In an article written on July 12, 2019, by WIRED, the author explains how Life360 shares its user’s data to “sell car insurance”. The author goes on to describe how “with the risk-assessment firm Arity, which uses that information to calculate insurance pricing and ‘develop risk-predictive models for its own analytics purposes.’ Arity is a subsidiary of the insurance giant Allstate, which is also an investor in Life360. In its prospectus earlier this year, Life360 said it hopes to soon offer US customers Allstate insurance plans that are customized based on how they drive.”
In addition to tracking apps, Dean McGuire also touched on how tracking children can deter trust within a parent-child relationship. “Because parents have wanted to get so into their kids’ lives parents were just monitoring text messages, monitoring Instagram. You know initially it was monitoring Facebook and so, you know, kids jumped off Facebook and onto Instagram. Most kids understand their parents are following them so they might have a finsta or several different Instagrams that are underground. It forces kids to go underground to grab some sense of privacy and it’s age-appropriate to want a sense of privacy.”
Many children with these tracking apps use hacks and methods to disable some of the features of the app. When Julianna was asked if she used any hacks, “I run my battery down to below ten percent and then turn my location off. This notifies [my parents] that the battery is low and then I recharge it.” This hack does not allow her parents to track her location once her battery is below 10 percent.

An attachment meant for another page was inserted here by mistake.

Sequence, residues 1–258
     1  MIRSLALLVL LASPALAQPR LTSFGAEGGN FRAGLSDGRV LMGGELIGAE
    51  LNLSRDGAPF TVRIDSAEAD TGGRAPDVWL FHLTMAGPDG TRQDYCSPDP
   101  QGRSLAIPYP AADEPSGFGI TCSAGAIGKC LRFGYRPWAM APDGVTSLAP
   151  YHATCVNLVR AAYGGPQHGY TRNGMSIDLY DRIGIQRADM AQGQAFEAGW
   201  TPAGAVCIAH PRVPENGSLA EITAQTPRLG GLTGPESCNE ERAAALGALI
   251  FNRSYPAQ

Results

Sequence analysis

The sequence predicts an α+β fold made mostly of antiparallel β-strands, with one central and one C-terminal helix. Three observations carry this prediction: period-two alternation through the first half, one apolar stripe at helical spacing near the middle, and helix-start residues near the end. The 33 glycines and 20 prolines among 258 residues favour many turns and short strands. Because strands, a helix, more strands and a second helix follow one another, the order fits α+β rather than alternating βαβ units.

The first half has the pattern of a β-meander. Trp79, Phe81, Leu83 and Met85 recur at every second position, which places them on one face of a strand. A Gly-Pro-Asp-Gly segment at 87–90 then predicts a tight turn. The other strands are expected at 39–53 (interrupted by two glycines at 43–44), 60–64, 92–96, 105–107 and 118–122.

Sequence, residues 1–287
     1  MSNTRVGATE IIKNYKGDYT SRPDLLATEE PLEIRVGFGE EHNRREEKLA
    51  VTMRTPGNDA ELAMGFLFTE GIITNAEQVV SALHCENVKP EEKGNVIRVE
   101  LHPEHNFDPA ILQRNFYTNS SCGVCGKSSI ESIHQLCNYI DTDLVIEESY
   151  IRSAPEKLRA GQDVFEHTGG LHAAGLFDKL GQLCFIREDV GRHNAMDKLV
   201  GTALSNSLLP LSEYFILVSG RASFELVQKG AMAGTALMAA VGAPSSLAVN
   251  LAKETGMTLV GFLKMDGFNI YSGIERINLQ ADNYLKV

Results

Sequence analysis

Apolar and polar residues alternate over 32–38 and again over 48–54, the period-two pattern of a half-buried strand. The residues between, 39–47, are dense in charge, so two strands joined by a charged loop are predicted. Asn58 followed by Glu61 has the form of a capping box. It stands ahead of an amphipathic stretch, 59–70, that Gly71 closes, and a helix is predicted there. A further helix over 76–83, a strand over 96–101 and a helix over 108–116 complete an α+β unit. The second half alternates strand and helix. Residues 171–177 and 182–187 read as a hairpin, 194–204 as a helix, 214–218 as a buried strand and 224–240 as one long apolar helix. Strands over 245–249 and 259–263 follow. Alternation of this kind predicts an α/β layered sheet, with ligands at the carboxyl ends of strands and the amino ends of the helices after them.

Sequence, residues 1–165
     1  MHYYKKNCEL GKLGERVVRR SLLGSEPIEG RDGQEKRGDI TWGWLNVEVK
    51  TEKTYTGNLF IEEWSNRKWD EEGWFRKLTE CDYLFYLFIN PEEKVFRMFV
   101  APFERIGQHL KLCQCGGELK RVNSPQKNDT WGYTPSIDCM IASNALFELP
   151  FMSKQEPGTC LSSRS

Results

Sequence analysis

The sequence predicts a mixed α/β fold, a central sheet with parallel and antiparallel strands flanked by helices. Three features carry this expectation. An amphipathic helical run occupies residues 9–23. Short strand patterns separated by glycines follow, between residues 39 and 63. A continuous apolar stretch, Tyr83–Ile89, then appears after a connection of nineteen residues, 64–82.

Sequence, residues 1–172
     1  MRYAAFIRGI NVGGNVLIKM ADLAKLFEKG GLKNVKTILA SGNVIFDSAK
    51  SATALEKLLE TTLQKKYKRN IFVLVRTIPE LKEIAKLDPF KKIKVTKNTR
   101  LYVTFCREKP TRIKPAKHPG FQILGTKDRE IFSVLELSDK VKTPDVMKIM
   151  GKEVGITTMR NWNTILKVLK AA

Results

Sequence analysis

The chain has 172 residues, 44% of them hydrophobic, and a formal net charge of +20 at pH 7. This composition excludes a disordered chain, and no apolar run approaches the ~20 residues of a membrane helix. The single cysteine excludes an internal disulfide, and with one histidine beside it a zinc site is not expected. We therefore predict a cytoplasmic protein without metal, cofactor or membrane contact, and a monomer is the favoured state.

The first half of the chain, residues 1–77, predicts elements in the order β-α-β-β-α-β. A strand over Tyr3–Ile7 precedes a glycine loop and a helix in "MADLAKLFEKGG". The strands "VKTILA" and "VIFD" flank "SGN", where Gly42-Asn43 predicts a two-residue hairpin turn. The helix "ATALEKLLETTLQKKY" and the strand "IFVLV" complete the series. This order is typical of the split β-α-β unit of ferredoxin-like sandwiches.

Full disclosure: Our families use Life360 also. Here are our opinion of the app.:
As a daily user of Life360, the app has provided an extra cushion of safety within my family and has given my parents an extra dose of information to make pick ups easier to and from events. However, at times Life360 does have glitches that do not correctly give my location to my family which at times is frustrating. Further, the app is sometimes too invasive when it comes to the speed I am driving at, or giving my family alerts when I arrive and leave school and home. In the end, Life360 does establish a sense of security and peace of mind within my family.
My family and I have been using Life360 since I was in middle school, and it has provided us with the necessary security when finding my phone when lost or picking me up an undefinable location. While the app has made us feel more secure, I want to establish my own freedom without the constant observation of the app. By disabling the app I go to Life360 in settings. I then flip the switch to off on option of the app using cellular data, but I also turn my wifi off. This doesn’t send a notification to any other users and the app displays you at the last location it was turned off. While this hack is helpful, I am grateful for the app’s services.